DB Experience Highlights RRP Challenge

Risk Magazine has published an article in which Deutsche Bank highlights the issues it has experienced in complying with global recovery and resolution plan (RRP) requirements.

This is an all too common story.  The lack of guidance from regulators, absence of globally coordinated regulatory requirements and the move towards subsidiarisation combine to pose a significant challenge to firms which are subject to RRP rules.  From experience, the only real solution lies in the creation of a robust yet flexible data architecture, capable of serving up only that view of information which is necessary for the particular audience and with the capacity to adapt to meet future regulatory developments.

SPE and MPE – which are you?

Introduction

On 14 October, the Bank of England published a speech given by Paul Tucker, Deputy Governor Financial Stability, at the Institute of International Finance 2013 Annual Membership meeting on 12 October 2013 on the subject of ‘too big to fail’.

Mr Tucker made five general points:

  1. The US authorities could resolve most US SIFIs right now on a ‘top-down’ basis pursuant to the powers granted under Title II of the Dodd Frank Act;
  2. Single Point of Entry (SPE) versus Multiple Point of Entry (MPE) may be the most important innovation in banking policy in decades;
  3. There is no such thing as a “bail-in bond”.  Bail in is a resolution tool.  All creditors can face having to absorb losses.  What matters is the creditor hierarchy;
  4. Some impediments to smooth cross-border resolution need to be removed; and
  5. The resolution agenda is not just about banks and dealers.  It is about central counterparties too, for example.

Reorganisation

Mr Tucker noted that Europe is not far behind the US in its enactment of resolution powers.  However, of more interest to the industry will be his belief that most banking groups will have to undergo some kind of reorganisation, irrespective of the camp into which they fall.  SPE groups will need to establish holding companies from which loss-absorbing bonds can be issued.  In addition, key subsidiaries will need to issue debt to their holding companies that can be written down in times of distress.  MPE groups will need to do more to organise themselves into well-defined regional and functional subgroups.  In addition common services, such as IT will need to be provided by stand-alone entities that can survive the break-up of an MPE group.  Capital requirements for regional subsidiaries forming part of an MPE group may also be higher due to the absence of a parent/holding company that can act as a source of strength through a resolution process.

Bail-in

On the subject to bail-in, creditors of SPE groups will be interested to read Mr Tucker’s comments about how, within the context of a top-down resolution, bonds issued by a holding company will absorb losses before debt issued by an operating subsidiary.  In effect, the holding company’s creditors are structurally subordinated to the operating company’s creditors.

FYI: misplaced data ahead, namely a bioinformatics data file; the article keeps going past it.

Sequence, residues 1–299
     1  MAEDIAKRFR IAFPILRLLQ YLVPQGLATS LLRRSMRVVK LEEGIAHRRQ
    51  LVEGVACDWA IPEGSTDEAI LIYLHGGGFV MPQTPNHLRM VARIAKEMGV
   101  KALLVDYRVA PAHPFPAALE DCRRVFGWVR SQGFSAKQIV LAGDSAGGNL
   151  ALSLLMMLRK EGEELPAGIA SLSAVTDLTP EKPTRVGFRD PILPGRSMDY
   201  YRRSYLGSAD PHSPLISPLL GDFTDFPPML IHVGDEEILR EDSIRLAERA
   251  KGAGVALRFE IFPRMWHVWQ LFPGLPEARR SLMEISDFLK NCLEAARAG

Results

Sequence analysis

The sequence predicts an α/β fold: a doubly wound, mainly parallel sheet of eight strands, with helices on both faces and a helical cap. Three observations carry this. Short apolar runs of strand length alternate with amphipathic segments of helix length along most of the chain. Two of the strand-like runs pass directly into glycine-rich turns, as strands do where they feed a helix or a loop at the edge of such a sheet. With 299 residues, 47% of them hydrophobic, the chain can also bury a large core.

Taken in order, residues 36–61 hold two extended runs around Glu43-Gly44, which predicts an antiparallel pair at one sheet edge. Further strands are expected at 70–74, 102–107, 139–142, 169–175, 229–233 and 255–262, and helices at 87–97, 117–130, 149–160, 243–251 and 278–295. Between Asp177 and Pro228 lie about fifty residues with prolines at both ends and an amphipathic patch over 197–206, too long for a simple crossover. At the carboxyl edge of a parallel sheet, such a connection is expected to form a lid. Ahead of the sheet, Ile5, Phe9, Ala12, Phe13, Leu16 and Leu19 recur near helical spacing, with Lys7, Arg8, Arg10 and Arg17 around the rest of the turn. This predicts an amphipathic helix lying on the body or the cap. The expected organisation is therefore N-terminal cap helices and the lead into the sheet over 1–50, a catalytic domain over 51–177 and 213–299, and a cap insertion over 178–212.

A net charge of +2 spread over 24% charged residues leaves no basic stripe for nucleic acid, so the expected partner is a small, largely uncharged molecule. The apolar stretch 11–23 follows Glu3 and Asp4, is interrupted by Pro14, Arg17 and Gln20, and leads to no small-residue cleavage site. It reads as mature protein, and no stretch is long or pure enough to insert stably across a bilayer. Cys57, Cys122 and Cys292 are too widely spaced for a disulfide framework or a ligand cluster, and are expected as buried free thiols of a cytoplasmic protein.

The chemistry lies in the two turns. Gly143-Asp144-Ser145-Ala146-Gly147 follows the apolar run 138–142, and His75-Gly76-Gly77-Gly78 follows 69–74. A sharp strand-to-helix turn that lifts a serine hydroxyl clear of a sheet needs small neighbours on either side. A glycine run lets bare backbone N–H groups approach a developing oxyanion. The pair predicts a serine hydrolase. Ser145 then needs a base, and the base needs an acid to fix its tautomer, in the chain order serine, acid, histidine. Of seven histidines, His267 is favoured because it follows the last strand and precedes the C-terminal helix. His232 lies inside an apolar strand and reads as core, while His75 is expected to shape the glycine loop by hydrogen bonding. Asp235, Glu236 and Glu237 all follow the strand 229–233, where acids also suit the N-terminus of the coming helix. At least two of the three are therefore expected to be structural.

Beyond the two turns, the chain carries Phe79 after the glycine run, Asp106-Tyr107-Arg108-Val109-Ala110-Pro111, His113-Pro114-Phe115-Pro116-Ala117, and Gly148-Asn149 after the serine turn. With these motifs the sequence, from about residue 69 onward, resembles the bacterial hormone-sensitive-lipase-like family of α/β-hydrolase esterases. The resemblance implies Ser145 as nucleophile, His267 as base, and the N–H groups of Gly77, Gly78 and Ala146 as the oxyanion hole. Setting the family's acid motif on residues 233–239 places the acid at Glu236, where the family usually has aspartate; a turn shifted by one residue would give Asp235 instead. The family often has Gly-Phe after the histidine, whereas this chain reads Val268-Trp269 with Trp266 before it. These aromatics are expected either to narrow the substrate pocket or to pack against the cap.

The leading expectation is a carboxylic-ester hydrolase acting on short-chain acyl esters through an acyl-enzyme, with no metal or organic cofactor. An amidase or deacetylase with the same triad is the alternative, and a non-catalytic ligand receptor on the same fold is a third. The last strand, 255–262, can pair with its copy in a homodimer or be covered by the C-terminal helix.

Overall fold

Impediments to Resolution

On the subject to impediments to cross-border resolution, Mr Tucker noted that, in order to provide clarity on its previous ‘in principle’ commitment, the Bank of England needs to set down detailed conditions under which it would step aside and allow US authorities to resolve the UK subsidiaries of a US banking group.  In turn, other resolution authorities, and particularly the US, need to make the same ‘in principle’ commitment as the Bank of England.

Extension of the Resolution Regime

Finally, on the subject of the resolution agenda, Mr Tucker confirmed that CCPs are the most important example of where resolution regimes need to apply.  However, he did not rule out resolution regimes being extended to cover shadow banking, funds and SPVs.

HM Treasury Publishes Draft Annex to SRR Code of Practice

Introduction

On 8 October 2013, HM Treasury published a draft annex on the new bail-in option to the Special Resolution Regime (SRR). The bail-in tool is being introduced through amendments to the Banking Act 2009 by the Banking Reform Bill 2013 for the purpose of offering a new stabilisation option to the Bank of England as lead resolution authority. It will be available to failing banks and investment firms, with necessary modifications to building societies via secondary legislation and under specified conditions to banking group companies.

The draft annex to the Code of Practice supports the legal framework for the SRR and provides guidance as to when and how the bail-in tool may be deployed by authorities in practice.

A summary of the key points include:

General and Specific Conditions for Use of SRR Tools (Section 7)

The conditions for use of the bail-in option are identical to those for the stabilisation options set out in the existing Code :

  • the regulator must determine that the institution is failing or likely to fail;
  • it is not reasonably likely that action will be taken by or in respect of the bank to avoid its failure; and
  • the Bank of England is satisfied that exercising the bail-in power is necessary having regard to the public interest.

When choosing between the original resolution tools, the Bank of England will consider the relative merits of the stabilisation options and the bank insolvency procedure given the circumstances in addition to general considerations . The Bank of England may also choose resolution by way of bail-in for situations where the use of another stabilisation power would threaten financial stability or confidence in the banking systems.

Use of the Bail-in Powers (Section 8)

The bail-in option gives the Bank of England the power to cancel or modify the terms of any contract in a resolution scenario for the purposes of reducing or deferring a liability of the bank (“special bail-in provision”). A conversion power also exists that allows for liabilities to be converted into different forms. Certain liabilities are excluded from the scope of the power to make special bail-in provision including:

  • deposits covered by the Financial Services Compensation Scheme (FSCS) or an equivalent overseas scheme;